Monday 27 September 2021

Armoured Confusion: Victorious '45

There are many misconceptions about the use of tanks in 1945, same as any other period of the Great Patriotic War. These myths muddle the characteristics of tanks, their application, and sometimes even introduce tanks that were not there at all. The final chapter in the series dedicated to myths on Soviet armour in the Great Patriotic War is dedicated to this period.

Dead or alive

The IS-6 is one of the least studied tanks of the late war period. The project began semi-legally and had such a mixed reception that it was swept under the rug. The tank was initially supposed to compete with the Object 701, but it turned out that it didn't have enough armour. The tank then competed with the IS-2, but it was already clear that the tank was not suited for that by the fall of 1944. Its reliability in trials was poor, especially the reliability of the road wheels, which lasted only 200-300 km. Despite attempts to resolve these issues and Zh.Ya. Kotin's decision to send the tank to Moscow to show to the Soviet government, the IS-6's case was hopeless. It lost to its new competitor, the Kirovets-1, which then transformed into the IS-3

Some publications claim that the Object 253 burned up on its first outing and was not used any more, but factory #100 has a different opinion. This document fragment shows that the tank drove for 186 km in June of 1947 and 1025 km in total.

There is a very widespread myth about the second variant of the tank, the Object 253 with an electromechanical transmission. For starters, trials of this tank could not happen in 1944 or even early 1945, since as of February of 1945 assembly was not even finished. Considering the issues with the Object 252's road wheels, this tank used IS-2 wheels. The tank's later history is no less interesting. A fire broke out in the transmission compartment on its first outing, but that didn't mean that the trials were over. The tank was repaired in late 1946 and trials continued. The 1025 km long trials finished only in June of 1947, and the only surviving photographs of the Object 253 were made even later.

Phantom fighter

Myths surrounding the Object 253 pale in comparison to those linked with the IS-3. A number of publications about the IS-3 tank and the Battle of Berlin claim that it was used there. These tanks also pop up in German memoirs. Russian writers fan the flames by listing the regiments which allegedly used these tanks for battlefield trials. Particularly unscrupulous persons even try to present photos of these tanks knocked out in Berlin, although on closer inspection these photos turn out to be IS-3 UKN tanks destroyed in 1956 in Budapest.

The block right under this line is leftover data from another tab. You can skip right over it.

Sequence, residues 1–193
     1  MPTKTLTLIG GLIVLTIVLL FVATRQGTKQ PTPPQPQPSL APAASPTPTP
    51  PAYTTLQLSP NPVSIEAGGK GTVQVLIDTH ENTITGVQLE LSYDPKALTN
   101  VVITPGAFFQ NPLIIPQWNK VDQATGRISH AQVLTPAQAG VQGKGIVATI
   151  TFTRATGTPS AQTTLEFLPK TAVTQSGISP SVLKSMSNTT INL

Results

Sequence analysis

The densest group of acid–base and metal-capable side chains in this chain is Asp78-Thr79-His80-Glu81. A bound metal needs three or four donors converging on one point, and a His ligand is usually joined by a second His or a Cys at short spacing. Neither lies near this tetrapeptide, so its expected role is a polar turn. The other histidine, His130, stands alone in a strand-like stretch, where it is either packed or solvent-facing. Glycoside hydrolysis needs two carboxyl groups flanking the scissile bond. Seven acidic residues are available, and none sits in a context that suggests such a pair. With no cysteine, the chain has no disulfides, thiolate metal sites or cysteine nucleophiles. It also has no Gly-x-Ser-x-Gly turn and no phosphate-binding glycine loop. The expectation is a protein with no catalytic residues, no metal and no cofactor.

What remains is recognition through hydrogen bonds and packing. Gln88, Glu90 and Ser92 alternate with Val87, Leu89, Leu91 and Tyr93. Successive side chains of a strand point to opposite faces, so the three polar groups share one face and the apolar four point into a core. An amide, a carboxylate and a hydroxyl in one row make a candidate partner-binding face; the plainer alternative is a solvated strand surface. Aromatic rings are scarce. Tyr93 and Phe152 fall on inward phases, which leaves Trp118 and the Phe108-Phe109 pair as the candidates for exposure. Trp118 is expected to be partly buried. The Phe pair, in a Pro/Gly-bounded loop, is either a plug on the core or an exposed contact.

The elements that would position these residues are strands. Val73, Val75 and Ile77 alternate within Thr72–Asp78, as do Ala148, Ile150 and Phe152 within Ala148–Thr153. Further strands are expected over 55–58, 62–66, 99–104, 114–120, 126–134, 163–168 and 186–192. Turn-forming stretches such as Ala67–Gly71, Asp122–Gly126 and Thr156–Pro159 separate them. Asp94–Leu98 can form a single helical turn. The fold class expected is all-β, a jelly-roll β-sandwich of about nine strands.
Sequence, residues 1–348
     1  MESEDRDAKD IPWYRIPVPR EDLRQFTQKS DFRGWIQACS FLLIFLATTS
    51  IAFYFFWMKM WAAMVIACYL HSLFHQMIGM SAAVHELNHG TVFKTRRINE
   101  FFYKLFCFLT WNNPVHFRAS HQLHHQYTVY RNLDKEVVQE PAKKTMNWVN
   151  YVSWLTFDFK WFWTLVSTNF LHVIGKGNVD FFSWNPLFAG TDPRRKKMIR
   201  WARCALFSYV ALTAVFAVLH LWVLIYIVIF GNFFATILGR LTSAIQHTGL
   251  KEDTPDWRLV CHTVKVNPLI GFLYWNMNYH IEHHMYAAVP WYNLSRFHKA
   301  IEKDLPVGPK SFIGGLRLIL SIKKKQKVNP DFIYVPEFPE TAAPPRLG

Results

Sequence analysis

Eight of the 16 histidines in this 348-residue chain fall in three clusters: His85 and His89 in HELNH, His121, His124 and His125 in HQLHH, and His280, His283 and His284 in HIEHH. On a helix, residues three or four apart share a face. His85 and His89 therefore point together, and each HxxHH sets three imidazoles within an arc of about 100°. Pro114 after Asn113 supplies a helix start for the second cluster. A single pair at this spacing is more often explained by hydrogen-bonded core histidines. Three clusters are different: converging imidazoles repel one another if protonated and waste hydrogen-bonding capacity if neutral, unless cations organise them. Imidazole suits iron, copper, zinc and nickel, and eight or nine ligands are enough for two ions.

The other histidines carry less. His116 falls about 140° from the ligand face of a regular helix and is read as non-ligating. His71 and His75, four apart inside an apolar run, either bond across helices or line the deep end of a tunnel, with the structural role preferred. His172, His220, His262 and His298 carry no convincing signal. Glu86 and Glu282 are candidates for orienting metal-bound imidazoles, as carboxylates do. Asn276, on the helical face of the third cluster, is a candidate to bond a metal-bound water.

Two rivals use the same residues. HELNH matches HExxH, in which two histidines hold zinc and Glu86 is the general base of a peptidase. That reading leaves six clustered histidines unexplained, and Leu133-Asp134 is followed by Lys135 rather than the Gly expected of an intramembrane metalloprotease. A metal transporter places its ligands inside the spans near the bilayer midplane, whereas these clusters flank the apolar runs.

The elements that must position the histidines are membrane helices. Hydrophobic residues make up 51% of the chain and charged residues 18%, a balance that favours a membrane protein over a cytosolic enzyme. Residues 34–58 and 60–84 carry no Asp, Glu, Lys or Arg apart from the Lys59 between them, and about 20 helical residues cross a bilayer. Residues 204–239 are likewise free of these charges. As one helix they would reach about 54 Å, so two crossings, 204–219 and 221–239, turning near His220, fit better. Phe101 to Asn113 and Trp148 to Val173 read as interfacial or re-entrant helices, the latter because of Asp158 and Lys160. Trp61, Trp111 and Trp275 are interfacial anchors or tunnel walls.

ChKZ production figures tell a story on their own. There could have been no debut in Berlin.

These theories are worth nothing more than a sad smile. Assembly of the first production tanks began only on April 20th, 1945, and they were accepted in May. These tanks could not have fought in Berlin even if they were put on an express train and started firing from the train station. There were some pilot tanks built before that, but no one in the right mind would have used them in battle. These tanks overheated and in April of 1945 it turned out that their turrets were insufficiently robust. As a result the pilot tanks remained in Chelyabinsk where they were used as test beds for new components and Guinea pigs for solutions to the cooling issue. One tank was sent to the NIBT Proving Grounds. Delivery of production tanks began only in June of 1945. The overheating issue was only solved in July.

The IS-3 made its Berlin debut in September of 1945.

Issues with the IS-3 were exacerbated by the fact that the production quota hit 250 tanks per month starting in June of 1945. However, many publications exaggerate these issues. First of all, tanks built in 1946 when the arms race was over were much more reliable. These tanks went through the UKN modernization program last. Secondly, the new tank was indeed less reliable than the IS-2, but there are caveats here too. For one, the IS-2 was produced in no less of a hurry. IS-2 tanks were indeed more reliable by the second half of the 1940s, but no one counted how many times they went through minor and medium repairs, plus the lifespan of IS-2 tracks was still 800-1000 km. Issues with hull rigidity were also present on the IS-2. It was no accident that IS-2 modernization was performed in two steps. The first step overlapped with the UKN program for IS-3 tanks and continued after it was done, the second step was taken before deep modernization of IS-3 tanks. It seems that the issues with IS-2 tanks and ISU SPGs were simply not called out as much.

Uneven conditions

Another tank that is often teleported into Berlin is the T-44. There are fewer believers of this claim than those who believe in IS-3s in Berlin. Even though the first deliveries to troops were made in April of 1945, these vehicles were not combat capable due to a series of defects. Further shipments were quite staggered as there were shortages of ball bearings and gearboxes as well as other issues. In these conditions front line trials would be a hard sell.

Factory #75 a year before T-44 production began. It would take a year and a half to two years in order to produce vehicles at the same level where factory #183 was in the spring of 1941. The factory was initially supposed to build tractors, but was suddenly given a task to master production of a completely new tank in half a year.

There are many more questions about other claims. Some publications claim that there was no need to put the T-44 through front line trials since it was so similar to the T-34-85. Others say that the results of tank production at factory #75 in 1944-45 confirm that setting up T-44 production at factory #183 would have been a bad choice that would decrease tank production for a long time.